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1 week ago @ http://www.conservativ... - Profile: Black people ... · 1 reply · +1 points

It usually takes a generation of so for migrants to become fully integrated. Go back a hundred years and I expect we would find that Irish migrants fared worse in British society.

Already people of Indian and Chinese backgrounds do well at school and in the professions. In a generation's time I reckon their career prospects, aspirations and achievement will certainly be average or better.

It is dangerous to generalise but I seem to remember a report in 2007 that mentioned that 60% of children of black Caribbean background were living with one parent, invariably the mother. This was three times the rate for the rest of society. It is difficult, but not impossible, to overcome this disruptive start to life. I have no idea how to address this matter but a solution would go a long way to correcting the grievances.

1 week ago @ http://www.conservativ... - David Green: Johnson's... · 0 replies · +1 points

We also had similar raids in Cornwall in the seventeenth century. It is a reminder that slavery was a feature of most societies in the past. In Europe, almost no-one - in the church, in commerce and politics - thought slavery was wrong until the middle of the eighteenth century.

We benefited from slavery but we were the main protagonists that led to its abolition in the early nineteenth century and the enforcement of that ban in other countries.

4 weeks ago @ http://www.conservativ... - Our panel. There is ri... · 2 replies · +1 points

I'm more forgiving than you. Based on what we saw in Italy and Spain there was a real fear that the NHS would be overwhelmed. As it happens the outbreak was managed such that that did not occur. The Nightingale hospitals were unnecessary after all, although few expected that at the time.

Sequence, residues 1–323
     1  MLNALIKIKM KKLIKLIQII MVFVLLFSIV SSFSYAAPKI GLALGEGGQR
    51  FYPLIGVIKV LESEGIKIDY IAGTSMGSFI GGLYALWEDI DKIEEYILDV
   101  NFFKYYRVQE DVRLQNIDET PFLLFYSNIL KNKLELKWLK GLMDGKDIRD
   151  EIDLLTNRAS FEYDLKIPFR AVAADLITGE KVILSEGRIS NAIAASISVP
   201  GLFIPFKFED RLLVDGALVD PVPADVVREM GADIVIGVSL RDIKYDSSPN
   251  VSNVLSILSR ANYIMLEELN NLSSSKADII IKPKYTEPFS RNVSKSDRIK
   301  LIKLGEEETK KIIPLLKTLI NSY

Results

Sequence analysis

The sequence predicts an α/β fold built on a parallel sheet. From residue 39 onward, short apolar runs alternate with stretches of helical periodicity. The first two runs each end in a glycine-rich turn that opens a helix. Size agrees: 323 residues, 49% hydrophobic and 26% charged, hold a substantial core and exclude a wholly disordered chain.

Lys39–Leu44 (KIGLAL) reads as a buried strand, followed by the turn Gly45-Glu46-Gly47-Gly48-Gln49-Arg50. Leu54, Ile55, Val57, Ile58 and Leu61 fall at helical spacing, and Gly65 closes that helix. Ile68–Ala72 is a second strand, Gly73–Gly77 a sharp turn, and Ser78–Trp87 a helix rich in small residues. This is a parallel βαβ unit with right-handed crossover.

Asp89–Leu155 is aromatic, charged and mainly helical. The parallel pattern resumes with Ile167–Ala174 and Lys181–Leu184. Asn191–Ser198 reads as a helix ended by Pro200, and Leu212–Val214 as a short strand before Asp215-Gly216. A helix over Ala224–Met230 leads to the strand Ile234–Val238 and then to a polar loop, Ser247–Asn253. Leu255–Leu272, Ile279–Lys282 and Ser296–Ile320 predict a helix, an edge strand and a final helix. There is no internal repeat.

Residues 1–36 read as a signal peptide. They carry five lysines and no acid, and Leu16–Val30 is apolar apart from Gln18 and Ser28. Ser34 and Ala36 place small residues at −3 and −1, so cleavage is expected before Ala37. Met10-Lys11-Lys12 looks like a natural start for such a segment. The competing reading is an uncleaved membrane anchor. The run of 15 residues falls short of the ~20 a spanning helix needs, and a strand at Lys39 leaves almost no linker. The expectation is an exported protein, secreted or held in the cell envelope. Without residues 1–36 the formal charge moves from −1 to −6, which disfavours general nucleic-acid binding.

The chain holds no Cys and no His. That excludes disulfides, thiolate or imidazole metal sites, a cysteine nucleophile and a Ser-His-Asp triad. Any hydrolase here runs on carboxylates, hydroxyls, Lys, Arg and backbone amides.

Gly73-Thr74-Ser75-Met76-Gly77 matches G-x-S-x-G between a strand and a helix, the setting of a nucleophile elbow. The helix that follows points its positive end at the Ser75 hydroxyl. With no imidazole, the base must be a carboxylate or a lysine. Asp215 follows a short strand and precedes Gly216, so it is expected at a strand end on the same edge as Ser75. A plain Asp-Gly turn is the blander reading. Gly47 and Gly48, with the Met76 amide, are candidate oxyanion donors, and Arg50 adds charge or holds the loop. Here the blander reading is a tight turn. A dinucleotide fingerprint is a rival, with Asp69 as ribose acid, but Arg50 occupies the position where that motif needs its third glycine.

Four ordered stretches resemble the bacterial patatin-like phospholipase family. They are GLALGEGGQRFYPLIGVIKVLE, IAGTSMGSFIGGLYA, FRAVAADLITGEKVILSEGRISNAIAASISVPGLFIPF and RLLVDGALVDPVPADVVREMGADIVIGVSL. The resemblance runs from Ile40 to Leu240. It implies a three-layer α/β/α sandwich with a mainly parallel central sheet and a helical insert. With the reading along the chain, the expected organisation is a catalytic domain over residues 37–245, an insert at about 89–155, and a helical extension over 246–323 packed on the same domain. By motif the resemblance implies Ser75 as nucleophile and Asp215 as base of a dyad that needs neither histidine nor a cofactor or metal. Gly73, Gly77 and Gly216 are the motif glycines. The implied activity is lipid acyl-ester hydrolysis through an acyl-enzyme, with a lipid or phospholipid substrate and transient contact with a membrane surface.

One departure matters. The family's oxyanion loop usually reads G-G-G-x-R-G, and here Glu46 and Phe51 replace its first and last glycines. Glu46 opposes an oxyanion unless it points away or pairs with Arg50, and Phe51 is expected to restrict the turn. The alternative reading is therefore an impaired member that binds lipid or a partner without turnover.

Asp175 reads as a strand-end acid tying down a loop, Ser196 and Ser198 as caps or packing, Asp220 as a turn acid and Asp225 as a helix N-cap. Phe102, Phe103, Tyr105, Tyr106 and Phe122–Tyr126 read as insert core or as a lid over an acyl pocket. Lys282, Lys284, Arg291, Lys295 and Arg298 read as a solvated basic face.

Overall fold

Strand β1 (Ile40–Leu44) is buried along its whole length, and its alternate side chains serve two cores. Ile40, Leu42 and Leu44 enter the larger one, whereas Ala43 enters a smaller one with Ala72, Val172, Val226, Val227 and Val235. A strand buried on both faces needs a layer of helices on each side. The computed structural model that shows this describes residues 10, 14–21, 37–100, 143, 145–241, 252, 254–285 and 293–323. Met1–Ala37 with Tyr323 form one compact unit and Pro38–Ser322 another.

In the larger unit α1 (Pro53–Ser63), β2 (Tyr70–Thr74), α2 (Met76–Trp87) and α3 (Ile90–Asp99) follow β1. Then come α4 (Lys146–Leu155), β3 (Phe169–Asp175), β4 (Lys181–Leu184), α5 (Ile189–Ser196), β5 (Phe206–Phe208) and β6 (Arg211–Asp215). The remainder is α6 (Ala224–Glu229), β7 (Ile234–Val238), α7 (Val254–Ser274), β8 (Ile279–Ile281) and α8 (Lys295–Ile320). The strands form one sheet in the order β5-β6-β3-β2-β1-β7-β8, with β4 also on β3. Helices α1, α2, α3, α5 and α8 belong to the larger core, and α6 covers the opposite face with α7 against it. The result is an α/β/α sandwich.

I agree very much that this virus can't be eliminated and the likelihood of a vaccine is problematic. On-going those under 50 should carry on much as before. This is already happening. Only the elderly and those at risk should stay in lockdown.

I say this as a male nearing 80. I don't expect the young to disrupt their education, damage their career prospects, curtail their social lives just to keep me safe.

4 weeks ago @ http://www.conservativ... - The BBC and politics. ... · 2 replies · +1 points

Surely we should get a reduction in the licence fee during the current outbreak. From a customer's point of view all we see are repeats. No contemporary sporting events being shown. This is certainly not what we expected when we paid up.
From the point of view of the BBC their costs must be lower. No new programmes are being filmed. Even Gardeners' World relies on Monty Don filming himself, using old footage and relying on clips submitted by the general public.

So come, Aunty, give us a reduction on next year's fee.

4 weeks ago @ http://www.conservativ... - Iain Dale: The arrogan... · 1 reply · +1 points

“An advisor who is a distraction and gets himself into the headlines cannot possibly have his mind on the job.”

I don’t know your evidence for this, Ian. Cummings seems very single-minded and able to handle stress. Apart from his statement to the press and the ensuing questioning has he had to spend a great deal of time on this issue? The police have not been much involved and there is no inquiry. Of course, there has been an enormous amount of interest in the media and among his enemies. Cummings has been headline news for months, inevitable given his success with Brexit and the recent election. His enemies would dearly like to write his political obituary. Rather like Mandelson he has bitter critics on his own side and he doesn’t come across as someone who suffers fools gladly. If he has any sense he has ignored the comments swirling around and got on with his job.